• 1. Mother of the Year In recognition of superlative parenting Elizabeth Nino is awarded 2012 Mother of the Year May 9, 2012 MOM Smash That Like Button: Facebook’s Chris Cox Is Messing with One of the Most Valuable Features on the Internet Inside Facebook’s Decision to Blow Up the Like Button The most drastic change to Facebook in years was born a year ago during an off-site at the Four Seasons Silicon Valley, a 10- minute drive from headquarters. Chris Cox, the social network’s chief product officer, led the discussion, asking each of the six executives around the conference room to list the top three projects they were most eager to tackle in 2015. When it was Cox’s turn, he dropped a bomb: They needed to do something about the “like” button. The like button is the engine of Facebook and its most recognized symbol. A giant version of it adorns the entrance to the company’s campus in Menlo Park, Calif. Facebook’s 1.6 billion users click on it more than 6 billion times a day—more frequently than people conduct searches on Google—which affects billions of advertising dollars each quarter. Brands,
  • 2. publishers, and individuals constantly, and strategically, share the things they think will get the most likes. It’s the driver of social activity. A married couple posts perfectly posed selfies, proving they’re in love; a news organization offers up what’s fun and entertaining, hoping the likes will spread its content. All those likes tell Facebook what’s popular and should be shown most often on the News Feed. But the button is also a blunt, clumsy tool. Someone announces her divorce on the site, and friends grit their teeth and “like” it. There’s a devastating earthquake in Nepal, and invariably a few overeager clickers give it the ol’ thumbs-up. Changing the button is like Coca-Cola messing with its secret recipe. Cox had tried to battle the like button a few times before, but no idea was good enough to qualify for public testing. “This was a feature that was right in the heart of the way you use Facebook, so it needed to be executed really well in order to not detract and clutter up the experience,” he says. “All of the other attempts had failed.” The obvious alternative, a “dislike” button, had been rejected on the grounds that it would sow too much negativity. Cox told the Four Seasons gathering that the time was finally right for a change, now that Facebook had successfully transitioned a majority of its business to smartphones. His top deputy, Adam Mosseri, took a deep breath. “Yes, I’m with you,” he said solemnly. Later that week, Cox brought up the project with his boss and longtime friend. Mark Zuckerberg’s response showed just how much leeway Cox has to take risks with Facebook’s most important service. “He said something like, ‘Yes, do it.’ He was fully supportive,” Cox says. “Good luck,” he remembers Zuckerberg telling him. “That’s a hard one.” The solution would eventually be named Reactions. It will arrive soon. And it will expand the range of Facebook- compatible human emotions from one to six.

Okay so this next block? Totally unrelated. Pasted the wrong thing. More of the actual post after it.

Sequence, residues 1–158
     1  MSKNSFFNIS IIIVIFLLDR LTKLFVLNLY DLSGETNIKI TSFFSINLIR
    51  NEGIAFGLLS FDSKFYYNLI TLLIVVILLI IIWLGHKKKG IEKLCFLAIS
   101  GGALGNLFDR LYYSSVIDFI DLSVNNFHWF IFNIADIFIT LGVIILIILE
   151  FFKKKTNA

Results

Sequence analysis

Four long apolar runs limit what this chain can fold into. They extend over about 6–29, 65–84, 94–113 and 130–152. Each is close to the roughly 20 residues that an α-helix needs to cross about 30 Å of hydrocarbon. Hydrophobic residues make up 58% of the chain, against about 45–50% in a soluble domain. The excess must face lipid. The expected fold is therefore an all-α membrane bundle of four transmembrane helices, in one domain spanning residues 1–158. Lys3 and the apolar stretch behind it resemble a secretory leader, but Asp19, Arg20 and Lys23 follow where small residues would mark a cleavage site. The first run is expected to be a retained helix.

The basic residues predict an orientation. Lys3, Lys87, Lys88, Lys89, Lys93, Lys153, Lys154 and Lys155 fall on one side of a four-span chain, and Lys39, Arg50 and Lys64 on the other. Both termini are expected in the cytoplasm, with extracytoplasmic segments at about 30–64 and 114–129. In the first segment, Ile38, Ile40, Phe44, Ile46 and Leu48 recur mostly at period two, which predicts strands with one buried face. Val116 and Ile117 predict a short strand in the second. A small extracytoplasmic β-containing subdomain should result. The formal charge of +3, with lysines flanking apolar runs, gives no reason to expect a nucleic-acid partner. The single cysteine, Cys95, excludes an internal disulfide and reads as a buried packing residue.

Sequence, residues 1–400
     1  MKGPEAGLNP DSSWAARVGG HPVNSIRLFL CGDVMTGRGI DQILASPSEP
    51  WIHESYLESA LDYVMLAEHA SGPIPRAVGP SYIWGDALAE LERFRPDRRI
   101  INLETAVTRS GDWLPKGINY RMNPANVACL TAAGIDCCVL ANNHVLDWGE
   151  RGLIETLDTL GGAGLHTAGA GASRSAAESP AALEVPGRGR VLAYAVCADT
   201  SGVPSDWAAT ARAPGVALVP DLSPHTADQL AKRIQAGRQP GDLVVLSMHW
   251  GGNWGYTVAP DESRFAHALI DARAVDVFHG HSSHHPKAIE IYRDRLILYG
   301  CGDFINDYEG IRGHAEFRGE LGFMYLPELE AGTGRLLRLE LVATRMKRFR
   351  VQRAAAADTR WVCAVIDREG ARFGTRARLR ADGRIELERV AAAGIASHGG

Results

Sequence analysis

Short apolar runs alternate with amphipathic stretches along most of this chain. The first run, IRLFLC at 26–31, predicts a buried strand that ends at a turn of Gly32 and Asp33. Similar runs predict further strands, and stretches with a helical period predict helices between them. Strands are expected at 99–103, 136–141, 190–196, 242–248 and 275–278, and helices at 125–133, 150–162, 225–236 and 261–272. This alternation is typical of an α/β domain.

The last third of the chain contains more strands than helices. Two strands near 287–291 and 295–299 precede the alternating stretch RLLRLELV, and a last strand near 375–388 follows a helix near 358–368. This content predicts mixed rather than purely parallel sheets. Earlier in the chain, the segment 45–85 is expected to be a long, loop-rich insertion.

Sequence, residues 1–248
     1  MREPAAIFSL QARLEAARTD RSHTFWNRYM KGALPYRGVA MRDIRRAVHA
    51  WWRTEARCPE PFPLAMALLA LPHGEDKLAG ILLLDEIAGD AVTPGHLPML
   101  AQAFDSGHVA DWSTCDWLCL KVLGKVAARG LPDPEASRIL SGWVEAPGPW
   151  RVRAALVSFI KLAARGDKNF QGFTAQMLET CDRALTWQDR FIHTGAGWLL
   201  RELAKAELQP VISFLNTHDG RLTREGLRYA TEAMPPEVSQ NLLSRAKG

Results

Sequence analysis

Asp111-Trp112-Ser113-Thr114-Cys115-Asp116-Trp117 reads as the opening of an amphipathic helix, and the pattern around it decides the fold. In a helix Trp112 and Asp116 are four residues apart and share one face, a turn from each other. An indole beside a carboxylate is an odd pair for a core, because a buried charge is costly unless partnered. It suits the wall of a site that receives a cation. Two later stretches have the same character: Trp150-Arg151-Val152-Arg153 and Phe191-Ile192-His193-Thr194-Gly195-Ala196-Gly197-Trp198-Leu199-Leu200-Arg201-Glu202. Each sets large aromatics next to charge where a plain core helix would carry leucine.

• 3. Cox isn’t a founder, doesn’t serve on the boards of other companies, and hasn’t written any best-selling books. He’s not a billionaire, just a centi-millionaire. He joined Facebook in 2005, too late to be depicted in The Social Network, David Fincher’s movie about the company’s early days. While Zuckerberg manages an expanding portfolio of side businesses and projects—Instagram, WhatsApp, the Oculus Rift virtual- reality headset, a planned fleet of 737-size, carbon-fiber, Internet-beaming drones—Cox runs “the big blue app.” That’s Facebook’s term for the social network that we all compulsively check a few dozen times a day. He’s also the keeper of the company’s cultural flame, the guy who gives a rousing welcome speech to new recruits every Monday morning at 9 a.m. It’s a safe bet that all 12,000 Facebook employees know his name. He’s probably the closest thing Internet users have to an editor- in-chief of their digital life. Cox’s team manages the News Feed, that endless scroll of Facebook updates. Invisible formulas govern what stories users see as they scroll, weighing baby pictures against political outrage. “Chris is the voice for the user,” says Bret Taylor, Facebook’s former chief technology officer. “He’s the guy in the room with Zuckerberg explaining how people might react to a change.” Cox’s ascension has been gradual and, for the past few years, clearly visible to Facebook watchers. Many first met him during the 2012 initial public offering roadshow, when the company distributed a video of executives talking about its mission. Along with Chairman and Chief Executive Officer Zuckerberg and Chief Operating Officer Sheryl Sandberg, the film included Cox, who gazed earnestly into the camera at close range while employing some seriously overheated rhetoric: “We are now changing within a generation the fabric of how humanity communicates with itself.” He’s frequently seen at Zuckerberg’s side. Here are Zuckerberg and Cox running a three-legged race for a company game day,